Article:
Meredith Carroll: Housing office should deal in deeds, not dreams

Meredith C. Carroll
Muck Off

On Memorial Day weekend, my family ambled up the Fryingpan River looking for a good spot to drop a line when a riverside home caught our eye. Carved out on the property was a shady little retreat essentially beckoning passersby to imagine lounging, reading or napping the day away next to the prolifically rolling water.

“Wouldn’t it be nice to have a little weekend getaway up here?” we mused.

Later that evening, as we idled on our deck nestled up to the base of Shadow Mountain, we agreed that while the grass is often greener, in our case we’re abundantly grateful for our own little piece of the pie. August will mark 10 years since my husband and I won the housing lottery 13 days before our wedding, an event that changed our lives (the housing lottery and the marriage). On occasion, we still talk about our tremendous providence and what we’d be doing now and where we’d be living if we hadn’t gotten lucky — because we know full well it was only luck that landed us a spot in paradise.

There are plenty of things to which Aspenites are entitled, including leaving poop on sidewalks and trails for their fairy dogmother to scoop up later and taking up two parking spots if their car is small, brightly colored and ends in the letter I. Something not a single person in Aspen is entitled to, however, is employee housing. The Aspen-Pitkin County Housing Authority does not exist because everyone working in the 81611 has a God-given right to own a three-bedroom, two-bath house in the core with ample sunlight and unobstructed views.

The Aspen Area Community Plan, circa 2000, said of the employee-housing program: “We believe it is important for Aspen to maintain a sense of opportunity and hope (not a guarantee) for our workforce to become vested members of the community. … (We seek) to preserve and enhance those qualities that has made Aspen a special place by investing in our most valuable asset — people.”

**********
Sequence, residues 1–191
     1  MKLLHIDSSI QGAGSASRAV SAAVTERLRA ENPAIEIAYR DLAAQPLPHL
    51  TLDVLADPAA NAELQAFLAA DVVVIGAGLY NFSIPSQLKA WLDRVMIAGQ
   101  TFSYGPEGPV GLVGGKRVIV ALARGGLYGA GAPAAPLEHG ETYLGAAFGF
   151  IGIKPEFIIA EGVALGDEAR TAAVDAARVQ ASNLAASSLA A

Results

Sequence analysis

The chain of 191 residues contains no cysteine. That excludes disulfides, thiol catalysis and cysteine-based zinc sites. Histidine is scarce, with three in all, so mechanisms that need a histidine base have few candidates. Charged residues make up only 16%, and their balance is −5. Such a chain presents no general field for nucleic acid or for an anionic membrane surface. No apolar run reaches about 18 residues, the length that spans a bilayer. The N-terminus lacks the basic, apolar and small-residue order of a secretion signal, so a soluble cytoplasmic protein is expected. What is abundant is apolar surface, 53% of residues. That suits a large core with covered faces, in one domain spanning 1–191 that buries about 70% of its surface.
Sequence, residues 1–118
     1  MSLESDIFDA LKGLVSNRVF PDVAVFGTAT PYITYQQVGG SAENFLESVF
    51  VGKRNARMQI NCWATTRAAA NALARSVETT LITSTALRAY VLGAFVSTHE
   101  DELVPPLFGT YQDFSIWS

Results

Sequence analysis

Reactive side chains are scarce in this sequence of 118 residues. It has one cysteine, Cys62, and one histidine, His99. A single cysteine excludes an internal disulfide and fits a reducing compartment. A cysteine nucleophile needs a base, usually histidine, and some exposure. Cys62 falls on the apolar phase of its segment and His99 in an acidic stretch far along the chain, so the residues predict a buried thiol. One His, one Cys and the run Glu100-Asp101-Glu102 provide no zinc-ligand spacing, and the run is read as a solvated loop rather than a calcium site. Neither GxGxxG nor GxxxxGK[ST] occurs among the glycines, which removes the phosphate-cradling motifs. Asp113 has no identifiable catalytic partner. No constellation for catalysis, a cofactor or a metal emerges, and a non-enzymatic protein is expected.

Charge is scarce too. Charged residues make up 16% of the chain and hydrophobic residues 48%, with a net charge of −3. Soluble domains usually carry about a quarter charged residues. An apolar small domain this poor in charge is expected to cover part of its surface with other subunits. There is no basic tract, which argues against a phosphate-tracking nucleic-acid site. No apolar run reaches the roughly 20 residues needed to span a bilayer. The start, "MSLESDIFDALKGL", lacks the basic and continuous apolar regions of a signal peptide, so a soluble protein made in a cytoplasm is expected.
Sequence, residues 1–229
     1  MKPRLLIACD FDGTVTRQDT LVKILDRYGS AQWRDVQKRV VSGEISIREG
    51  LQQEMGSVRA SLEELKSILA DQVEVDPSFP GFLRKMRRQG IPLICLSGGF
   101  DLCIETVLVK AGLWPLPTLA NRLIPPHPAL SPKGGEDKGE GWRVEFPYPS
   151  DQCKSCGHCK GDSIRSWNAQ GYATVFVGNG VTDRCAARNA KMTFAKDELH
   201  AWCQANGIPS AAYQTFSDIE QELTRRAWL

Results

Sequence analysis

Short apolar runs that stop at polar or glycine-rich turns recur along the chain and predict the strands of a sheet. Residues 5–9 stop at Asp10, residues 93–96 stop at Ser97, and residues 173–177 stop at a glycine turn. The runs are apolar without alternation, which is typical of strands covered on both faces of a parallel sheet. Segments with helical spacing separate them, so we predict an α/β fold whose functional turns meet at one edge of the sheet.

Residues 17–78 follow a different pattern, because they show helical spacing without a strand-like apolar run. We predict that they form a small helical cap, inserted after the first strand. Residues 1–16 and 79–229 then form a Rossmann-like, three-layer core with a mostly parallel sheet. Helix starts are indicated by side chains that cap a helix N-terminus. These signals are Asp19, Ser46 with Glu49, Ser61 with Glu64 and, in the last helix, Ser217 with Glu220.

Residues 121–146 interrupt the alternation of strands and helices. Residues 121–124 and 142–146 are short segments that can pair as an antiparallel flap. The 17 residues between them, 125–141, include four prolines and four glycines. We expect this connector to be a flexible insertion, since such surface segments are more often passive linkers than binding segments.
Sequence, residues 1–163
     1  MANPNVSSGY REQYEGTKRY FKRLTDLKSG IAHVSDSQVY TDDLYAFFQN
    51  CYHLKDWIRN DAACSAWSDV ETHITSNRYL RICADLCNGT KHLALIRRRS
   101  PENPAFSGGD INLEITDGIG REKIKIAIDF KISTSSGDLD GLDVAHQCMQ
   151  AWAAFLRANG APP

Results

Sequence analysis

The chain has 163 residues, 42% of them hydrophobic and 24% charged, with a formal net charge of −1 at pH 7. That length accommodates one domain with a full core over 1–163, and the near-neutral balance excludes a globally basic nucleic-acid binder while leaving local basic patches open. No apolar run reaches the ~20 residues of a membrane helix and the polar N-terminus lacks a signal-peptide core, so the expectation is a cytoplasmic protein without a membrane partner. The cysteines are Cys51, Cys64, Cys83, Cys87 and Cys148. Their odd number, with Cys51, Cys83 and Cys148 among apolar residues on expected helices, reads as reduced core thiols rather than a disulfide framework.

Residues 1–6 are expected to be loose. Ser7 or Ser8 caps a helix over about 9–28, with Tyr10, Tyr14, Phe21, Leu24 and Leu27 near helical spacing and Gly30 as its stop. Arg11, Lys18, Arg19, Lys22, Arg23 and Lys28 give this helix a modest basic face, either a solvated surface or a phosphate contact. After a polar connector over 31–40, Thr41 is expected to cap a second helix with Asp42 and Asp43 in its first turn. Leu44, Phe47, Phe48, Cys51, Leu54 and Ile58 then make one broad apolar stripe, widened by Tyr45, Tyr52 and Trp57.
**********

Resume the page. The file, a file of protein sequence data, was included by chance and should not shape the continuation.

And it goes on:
Nowhere in there does it also say, though, that some of those assets are more valuable than others. Plastic surgeons dispensing Botox in tony offices on Main Street don’t get priority housing status over, say, the folks who scrub toilets at the Molly Gibson Lodge. As long as you meet the work and financial requirements, you are equally as eligible as anyone else to enter the lottery for the chance to purchase a home at an affordable price. If you win, awesome. If not, better luck next time. Employee housing is a gift, not a gimme.

In the case of the Pomeroy family — who recently bypassed the lottery when a special review committee voted 2-1 to grant them the right to buy a four-bedroom home in Williams Ranch because of what has been described as a medical hardship — good for them. As my dad often reminds me: If you don’t ask, you don’t get.

Yet the Pomeroy case seems to be a glaring sign the system could benefit from a tuneup. If the vending machine in a school cafeteria dispenses free bags of M&M’s to which children help themselves, you might give the kids a halfhearted smile for being savvy enough to maneuver a sweet, if not broken, situation, but certainly you’d reserve the harder questions about functionality for the vending-machine company.

Without knowing the specifics of the Pomeroys’ case, it’s unfair to speculate if their hardship is genuinely, well, harder than many other people working locally who would also really, really, really, really like to own a home here, including those missing limbs from wars, accidents or disease; those relegated to wheelchairs; those suffering from cancer and other terminal illnesses; those who are single parents, divorced or widowed; and those who feel strongly about working closely to where their kids go to school.

While the Pomeroys may have only taken one home out of the pool, it was still that much more heartbreaking to those who weren’t even given a chance to vie for it. And that’s a common problem faced by the housing authority: It doesn’t just deal in condos but human beings with feelings and, often, extraordinary circumstances. Yet that the housing authority has a way to be the judge and jury of suffering through a special review committee could mean the program has gotten away from itself, since its website said it was conceived to “assure the existence of a supply of desirable and affordable housing for persons currently employed in Pitkin County” — not to magistrate who’s more qualified for homeownership based on anything other than their income and how many years they’ve worked within county lines. People will always be way more nuanced than how they appear on paper, so perhaps the housing authority would better fulfill its mission by taking a strict black-and-white approach instead of factoring in the colors it sees by reading between the lines.

It’s a nice idea to think everyone who wants to own a home here should be able to, except life isn’t fair. The employee-housing system, though, can — and should — be.

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